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Aust N Z J Public Health. 2013 Jun;37(3):218-25. doi: 10.1111/1753-6405.12062.

The burden of cancer in New Zealand: a comparison of incidence and DALY metrics and its relevance for ethnic disparities.

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School of Mathematics, Statistics and Operations Research, Victoria University of Wellington, New Zealand Health and Disability Intelligence Unit, Ministry of Health, New Zealand Department of Public Health, University of Otago, New Zealand.



Cancer burden measured in disability adjusted life years (DALYs) captures survival and disability impacts of incident cancers. In this paper, we estimate the prospective burden of disease arising from 27 cancer sites diagnosed in 2006, by sex and ethnicity; and determine how its distribution differs from that for incidence rates alone.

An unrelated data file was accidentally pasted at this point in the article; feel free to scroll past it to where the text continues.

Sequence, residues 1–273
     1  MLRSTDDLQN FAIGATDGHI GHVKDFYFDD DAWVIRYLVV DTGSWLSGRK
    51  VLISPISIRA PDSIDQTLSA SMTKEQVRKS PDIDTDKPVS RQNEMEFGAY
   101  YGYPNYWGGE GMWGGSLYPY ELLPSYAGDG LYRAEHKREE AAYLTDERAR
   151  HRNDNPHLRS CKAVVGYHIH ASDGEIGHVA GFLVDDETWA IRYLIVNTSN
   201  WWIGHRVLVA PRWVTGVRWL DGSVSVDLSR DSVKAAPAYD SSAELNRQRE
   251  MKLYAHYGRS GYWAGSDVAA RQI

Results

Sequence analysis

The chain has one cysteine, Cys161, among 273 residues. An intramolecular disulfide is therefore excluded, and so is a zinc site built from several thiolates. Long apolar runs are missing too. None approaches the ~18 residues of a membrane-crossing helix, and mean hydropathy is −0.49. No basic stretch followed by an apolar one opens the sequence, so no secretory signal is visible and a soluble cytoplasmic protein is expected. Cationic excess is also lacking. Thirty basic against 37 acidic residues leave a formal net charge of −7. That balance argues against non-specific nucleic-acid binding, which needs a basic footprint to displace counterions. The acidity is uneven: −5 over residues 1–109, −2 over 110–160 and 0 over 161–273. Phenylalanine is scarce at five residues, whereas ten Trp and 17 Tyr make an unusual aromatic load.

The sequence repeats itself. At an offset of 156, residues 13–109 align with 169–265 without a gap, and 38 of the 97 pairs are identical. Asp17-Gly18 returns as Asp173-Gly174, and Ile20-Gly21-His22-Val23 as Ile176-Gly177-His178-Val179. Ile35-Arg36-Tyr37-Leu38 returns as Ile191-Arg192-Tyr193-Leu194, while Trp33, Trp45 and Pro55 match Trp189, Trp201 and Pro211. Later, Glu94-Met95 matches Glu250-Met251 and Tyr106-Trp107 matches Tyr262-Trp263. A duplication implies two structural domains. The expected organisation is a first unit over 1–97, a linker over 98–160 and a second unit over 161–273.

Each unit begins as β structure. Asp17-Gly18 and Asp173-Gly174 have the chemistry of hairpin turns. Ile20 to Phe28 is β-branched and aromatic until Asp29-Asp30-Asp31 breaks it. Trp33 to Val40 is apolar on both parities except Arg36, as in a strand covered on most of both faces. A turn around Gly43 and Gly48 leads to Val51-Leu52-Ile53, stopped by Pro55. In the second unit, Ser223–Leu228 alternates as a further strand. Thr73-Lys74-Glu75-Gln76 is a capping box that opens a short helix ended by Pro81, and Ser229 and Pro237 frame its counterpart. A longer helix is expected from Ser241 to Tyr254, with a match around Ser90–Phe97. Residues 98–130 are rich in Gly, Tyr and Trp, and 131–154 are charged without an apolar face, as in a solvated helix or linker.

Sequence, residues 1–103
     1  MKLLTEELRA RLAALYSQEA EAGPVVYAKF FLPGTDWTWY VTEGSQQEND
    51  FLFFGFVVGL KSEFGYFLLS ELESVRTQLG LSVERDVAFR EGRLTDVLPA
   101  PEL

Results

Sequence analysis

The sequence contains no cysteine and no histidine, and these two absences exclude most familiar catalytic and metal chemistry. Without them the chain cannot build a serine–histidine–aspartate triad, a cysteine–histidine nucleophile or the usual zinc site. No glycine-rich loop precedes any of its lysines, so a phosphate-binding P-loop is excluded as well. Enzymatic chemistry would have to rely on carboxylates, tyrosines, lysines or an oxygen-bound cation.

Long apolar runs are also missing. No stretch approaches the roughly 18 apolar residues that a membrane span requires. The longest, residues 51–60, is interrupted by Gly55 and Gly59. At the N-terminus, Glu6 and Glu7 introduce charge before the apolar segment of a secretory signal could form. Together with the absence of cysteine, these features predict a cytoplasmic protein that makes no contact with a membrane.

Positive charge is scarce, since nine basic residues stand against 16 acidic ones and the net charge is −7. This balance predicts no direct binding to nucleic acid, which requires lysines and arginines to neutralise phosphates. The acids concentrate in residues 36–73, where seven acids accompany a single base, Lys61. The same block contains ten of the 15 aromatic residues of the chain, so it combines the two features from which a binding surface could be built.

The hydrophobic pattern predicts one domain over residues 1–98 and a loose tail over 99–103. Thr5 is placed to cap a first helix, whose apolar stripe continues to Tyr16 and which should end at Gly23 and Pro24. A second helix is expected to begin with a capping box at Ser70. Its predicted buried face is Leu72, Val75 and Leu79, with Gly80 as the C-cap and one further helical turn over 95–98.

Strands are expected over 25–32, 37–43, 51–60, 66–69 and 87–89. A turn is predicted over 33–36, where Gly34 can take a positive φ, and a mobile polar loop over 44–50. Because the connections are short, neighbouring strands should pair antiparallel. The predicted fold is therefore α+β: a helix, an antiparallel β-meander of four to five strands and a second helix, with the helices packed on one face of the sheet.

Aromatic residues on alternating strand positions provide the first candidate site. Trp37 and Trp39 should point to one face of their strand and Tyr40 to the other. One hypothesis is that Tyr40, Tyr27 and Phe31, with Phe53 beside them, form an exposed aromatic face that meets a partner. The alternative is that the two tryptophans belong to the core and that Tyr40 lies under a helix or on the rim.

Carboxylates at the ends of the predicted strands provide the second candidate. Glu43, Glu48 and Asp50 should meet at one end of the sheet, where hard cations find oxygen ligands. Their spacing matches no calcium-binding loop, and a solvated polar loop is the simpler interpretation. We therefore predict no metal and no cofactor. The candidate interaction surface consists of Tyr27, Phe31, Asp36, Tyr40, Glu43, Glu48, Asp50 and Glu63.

Using a prospective approach, Markov and cancer disease models were used to estimate DALYs with inputs of population counts, incidence and excess mortality rates, disability weights, and background mortality. DALYs were discounted at 3.5% per year.


The age standardised Māori:non-Māori incidence rate ratios were 1.00 for males and 1.19 for females, whereas for DALYs they were greater at 1.42 for males and 1.68 for females. The total burden of cancer for 2006 incident cases (i.e. not age standardised) was estimated to be approximately 127,000 DALYs. Breast (27%), lung (14%) and colorectal (13%) cancers for females and lung (16%), colorectal (14%), and prostate (16%) cancers for males were the top contributors. By ethnicity, Māori experienced a substantially higher burden from lung cancer (around 25% for both sexes).


Due to Māori both having higher rates of cancers with a worse survival (e.g. lung cancer), and tending to have worse survival for each cancer site, ethnic disparities in the age-standardised DALY burden were greater than those for incidence (rate ratios of 1.52 and 1.07 respectively, sexes pooled).

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